In this talk we heard from Khalid Albaih, the famous political cartoonist from Sudan. Albaih’s cartoons rose to prominence during the Arab Spring. He continues to create comics that are controversial and eye opening. Looking through the comics that have made Khalid the most famous, I see that they speak the truth that no one likes to hear. I also see why they can be criticized because of their brutal honesty. One of the most startling comics I looked at was a comic commenting on the involvement of America and Isis in Iraq. In the comic Iraq is represented as a woman tied up with a terrorist and Uncle Sam standing over her. The terrorist is unbuttoning his pants as if to rape her while Uncle Sam holds a sword to the terrorist, saying “Hey! Its my turn again.” Such a cartoon can be shocking to see and I was taken aback at first. It is awful to see a rape portrayed in a cartoon, but this is exactly what makes Albaih’s cartoons so powerful. He is representing how terrorism and America have repeatedly terrorized Iraq over and over again. Iraq appears helpless in the cartoon, just as it is in real life. The country is stationary and helpless in defending its self. What makes Albaih so great is that he does not stray away from harsh realities, he embraces them. His cartoons can be shocking, with images of dead children, violence and rape, but he is only telling the truth of current situations.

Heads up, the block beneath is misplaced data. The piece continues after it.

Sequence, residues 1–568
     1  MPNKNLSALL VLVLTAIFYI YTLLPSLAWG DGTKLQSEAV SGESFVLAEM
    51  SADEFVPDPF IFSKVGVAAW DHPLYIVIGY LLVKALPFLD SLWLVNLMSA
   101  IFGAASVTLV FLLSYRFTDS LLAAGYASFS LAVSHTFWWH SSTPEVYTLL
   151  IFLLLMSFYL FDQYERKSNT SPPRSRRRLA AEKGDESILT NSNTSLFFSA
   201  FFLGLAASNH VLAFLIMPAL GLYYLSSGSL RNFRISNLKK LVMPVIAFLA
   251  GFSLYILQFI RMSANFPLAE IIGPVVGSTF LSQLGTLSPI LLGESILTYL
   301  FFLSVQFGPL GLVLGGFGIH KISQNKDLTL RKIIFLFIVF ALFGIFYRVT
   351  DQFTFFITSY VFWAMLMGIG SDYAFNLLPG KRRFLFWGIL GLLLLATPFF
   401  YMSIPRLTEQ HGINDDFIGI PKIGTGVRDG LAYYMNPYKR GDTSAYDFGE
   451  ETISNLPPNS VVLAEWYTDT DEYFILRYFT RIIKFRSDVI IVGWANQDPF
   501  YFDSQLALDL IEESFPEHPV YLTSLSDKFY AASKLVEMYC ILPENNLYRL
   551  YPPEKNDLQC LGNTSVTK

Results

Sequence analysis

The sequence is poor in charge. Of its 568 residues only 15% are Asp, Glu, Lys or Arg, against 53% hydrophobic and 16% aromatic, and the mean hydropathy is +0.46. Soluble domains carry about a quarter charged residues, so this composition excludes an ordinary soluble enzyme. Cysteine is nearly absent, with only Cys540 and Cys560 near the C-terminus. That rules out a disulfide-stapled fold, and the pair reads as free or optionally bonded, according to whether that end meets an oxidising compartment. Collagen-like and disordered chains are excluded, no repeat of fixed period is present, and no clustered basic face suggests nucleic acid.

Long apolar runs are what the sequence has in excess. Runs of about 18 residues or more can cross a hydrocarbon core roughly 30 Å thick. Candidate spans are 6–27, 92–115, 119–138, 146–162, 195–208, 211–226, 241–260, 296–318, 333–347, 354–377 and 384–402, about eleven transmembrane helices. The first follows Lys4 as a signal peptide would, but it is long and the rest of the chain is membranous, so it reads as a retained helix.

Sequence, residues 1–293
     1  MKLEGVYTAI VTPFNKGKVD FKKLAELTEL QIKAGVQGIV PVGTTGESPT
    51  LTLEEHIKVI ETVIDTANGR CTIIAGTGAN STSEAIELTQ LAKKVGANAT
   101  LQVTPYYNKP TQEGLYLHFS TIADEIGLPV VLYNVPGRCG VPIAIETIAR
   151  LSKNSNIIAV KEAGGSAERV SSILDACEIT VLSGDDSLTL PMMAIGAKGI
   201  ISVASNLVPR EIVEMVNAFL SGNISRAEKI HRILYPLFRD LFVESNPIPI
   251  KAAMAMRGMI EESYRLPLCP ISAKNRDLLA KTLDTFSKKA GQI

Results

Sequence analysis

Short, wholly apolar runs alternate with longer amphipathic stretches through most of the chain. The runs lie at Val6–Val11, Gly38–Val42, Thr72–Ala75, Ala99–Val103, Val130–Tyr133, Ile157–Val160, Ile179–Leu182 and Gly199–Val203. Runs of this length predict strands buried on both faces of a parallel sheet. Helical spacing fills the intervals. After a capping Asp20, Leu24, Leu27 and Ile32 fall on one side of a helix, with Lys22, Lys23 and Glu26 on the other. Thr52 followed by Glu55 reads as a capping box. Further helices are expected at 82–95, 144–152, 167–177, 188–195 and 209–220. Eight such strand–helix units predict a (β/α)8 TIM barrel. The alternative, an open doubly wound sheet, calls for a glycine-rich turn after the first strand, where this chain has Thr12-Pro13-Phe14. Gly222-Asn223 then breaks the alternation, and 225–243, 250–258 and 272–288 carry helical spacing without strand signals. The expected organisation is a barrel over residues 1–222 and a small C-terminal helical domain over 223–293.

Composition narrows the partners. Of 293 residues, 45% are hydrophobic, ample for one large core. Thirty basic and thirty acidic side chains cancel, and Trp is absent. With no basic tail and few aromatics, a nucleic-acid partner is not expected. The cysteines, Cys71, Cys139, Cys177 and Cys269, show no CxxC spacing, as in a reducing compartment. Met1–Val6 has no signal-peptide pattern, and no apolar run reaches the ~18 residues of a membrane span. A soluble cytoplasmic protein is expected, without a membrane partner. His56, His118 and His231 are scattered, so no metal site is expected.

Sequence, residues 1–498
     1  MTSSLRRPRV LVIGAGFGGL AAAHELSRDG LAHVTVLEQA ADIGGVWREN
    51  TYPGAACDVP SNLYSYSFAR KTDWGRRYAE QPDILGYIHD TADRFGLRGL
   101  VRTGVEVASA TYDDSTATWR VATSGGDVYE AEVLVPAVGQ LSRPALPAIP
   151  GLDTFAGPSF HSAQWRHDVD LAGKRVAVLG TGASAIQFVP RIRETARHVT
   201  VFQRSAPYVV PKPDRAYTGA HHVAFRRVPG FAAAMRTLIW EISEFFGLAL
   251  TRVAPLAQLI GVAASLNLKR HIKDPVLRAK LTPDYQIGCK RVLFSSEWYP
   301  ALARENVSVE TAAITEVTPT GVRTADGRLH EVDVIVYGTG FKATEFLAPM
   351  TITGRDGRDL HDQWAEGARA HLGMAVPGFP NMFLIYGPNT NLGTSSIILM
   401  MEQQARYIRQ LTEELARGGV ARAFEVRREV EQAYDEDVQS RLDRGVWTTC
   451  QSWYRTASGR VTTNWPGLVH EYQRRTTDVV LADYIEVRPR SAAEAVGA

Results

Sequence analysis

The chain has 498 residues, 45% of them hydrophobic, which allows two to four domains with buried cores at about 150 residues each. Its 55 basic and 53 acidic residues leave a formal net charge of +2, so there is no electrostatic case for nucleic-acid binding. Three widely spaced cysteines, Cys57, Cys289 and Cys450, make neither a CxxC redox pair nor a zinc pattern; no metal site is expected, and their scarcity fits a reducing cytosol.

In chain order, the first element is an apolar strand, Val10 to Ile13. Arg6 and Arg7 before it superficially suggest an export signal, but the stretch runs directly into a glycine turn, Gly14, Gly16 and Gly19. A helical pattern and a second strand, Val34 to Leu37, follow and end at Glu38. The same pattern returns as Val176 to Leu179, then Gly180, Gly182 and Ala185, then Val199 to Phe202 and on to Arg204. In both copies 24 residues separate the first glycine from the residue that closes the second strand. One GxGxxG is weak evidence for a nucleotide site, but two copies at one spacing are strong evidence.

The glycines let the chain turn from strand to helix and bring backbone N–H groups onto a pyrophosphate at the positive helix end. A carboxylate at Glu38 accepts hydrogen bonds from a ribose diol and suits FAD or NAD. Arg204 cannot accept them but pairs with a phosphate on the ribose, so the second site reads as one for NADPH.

It is interesting to see what a great influence cartoons can have over people, but I do understand why that is. Albaih said in the talk that he has very little time to grab the attention of people on the internet. He said that there is so much crap and nonsense that people have to sort through on the internet, that he needs to create something that will grab the attention of people in a second. Cartoons can be effective because they take about 10 seconds to read. If they have managed to pull you in in those 10 seconds they can take even longer to truly understand what they are saying. One cartoon that did this to me was a cartoon of an old, impoverished man with his hand extended outward (what I interpret as begging for help). Walking past him is a business man looking only at his cell phone. As if an after thought the business man has his hand extended behind him, dropping a face book “like” into the other mans outstretched hand. This sad exchange brings to life the idea that many people think it is enough just to share and like things on facebook. Many people nave go beyond social media to actually help, I myself am guilty of this. It is not enough just to share and like posts on faceboook, it can be somewhat helpful but not if you are missing what is directly in front of your face .